Restive Fintech Report Points To More Regulation In A Slower Funding Climate

Restive Ventures, a seed fintech investor, released its State Of Fintech 2023 report to support founders as they head into the new year. Its notable findings include a more active regulatory environment which protects consumers in the wake of the FTX collapse as well as supporting competition. The report also points to a tighter Series A funding environment and an increased appetite for partnering from incumbents. 

Restive invests at pre-seed and seed in fintechs, and  provides operational expertise in the regulated industry. Among its founder-focused activities are an annual founder trip to Washington, D.C., to meet with regulators, and speed dating events with industry partners.

“If you raise a seed round in this climate, assume that it’s going to be very hard to raise an A,” according to the report.

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Drawn from a survey of fintech seed investors, the report put average pre-seed valuations at around $9 million, while average seed values are now down around 50% — at $12 million. But the range is still wide. Tucked into this finding is that multiple seed rounds are perceived negatively by some investors. For these investors, raising further seed rounds instead of meeting milestones for a Series A suggests a startup is not reaching product market fit. 

More regulation

There is a shift in the regulatory environment from “innovation” to “enforcement,” according to the report. 

We spoke with Cameron Peake, a partner at the firm, on Restive’s findings around seed valuations, the increased interest in M&A, and the complex regulatory environment in 2023.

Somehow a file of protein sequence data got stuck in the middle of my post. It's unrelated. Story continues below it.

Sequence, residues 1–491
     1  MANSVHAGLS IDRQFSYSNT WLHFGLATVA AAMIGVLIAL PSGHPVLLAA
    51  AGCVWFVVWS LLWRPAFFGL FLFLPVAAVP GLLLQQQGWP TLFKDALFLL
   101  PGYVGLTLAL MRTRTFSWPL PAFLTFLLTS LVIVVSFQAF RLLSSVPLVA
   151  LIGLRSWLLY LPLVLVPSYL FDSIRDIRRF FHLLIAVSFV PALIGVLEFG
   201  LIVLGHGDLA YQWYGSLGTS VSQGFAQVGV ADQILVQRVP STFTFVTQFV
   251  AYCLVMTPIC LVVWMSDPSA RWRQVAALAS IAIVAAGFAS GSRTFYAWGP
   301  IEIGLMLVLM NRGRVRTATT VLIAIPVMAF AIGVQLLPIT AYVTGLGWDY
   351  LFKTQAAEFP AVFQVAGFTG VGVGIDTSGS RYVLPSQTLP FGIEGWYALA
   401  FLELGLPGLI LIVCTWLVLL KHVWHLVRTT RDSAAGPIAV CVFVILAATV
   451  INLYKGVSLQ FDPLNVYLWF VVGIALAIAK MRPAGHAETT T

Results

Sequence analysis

Restive partners Ryan Falvey, Cameron Peake, Tyler Griffin

Regulators are moving from“pushing innovation as an agenda item to wanting to ensure that there’s fair competition,” said Peake. They are making sure that both “customer protection and the ability for upstarts to play within broader spaces is protected.” 

A new focus is regulation around banking as a service. 

“Providing services to outside parties and the bank being the chartered institution just was never considered within the regulation,” said Peake, as previously, regional banks had vendor relationships but were not supporting fintechs with consumers using its services. 

“Regulators are posing hard questions about consumer data and are seeking to understand where risk actually lies in the three-way relationships among fintechs, BaaS providers, and the actual regulated bank,” stated the report.


One bright spot in the report is that major banks, insurance and traditional payment companies are keen to partner with fintechs, with 80% expecting partnerships to increase in 2023. And as the IPO market has narrowed and private valuations have come down, interest in acquisitions has increased. “A lot of these outdated systems are just ripe for M&A,” said Peake. 

Looking forward to 2023

The areas Peake is excited about in 2023 include financial infrastructure due to “outdated infrastructure that exists across these legacy financial institutions,” she said. 

More work needs to be done on compliance workflows around billing management, Peake said. One hot topic is digitizing payments for industries that have not yet migrated, such as payment solutions for school districts and their vendors. 

Illustration: Dom Guzman

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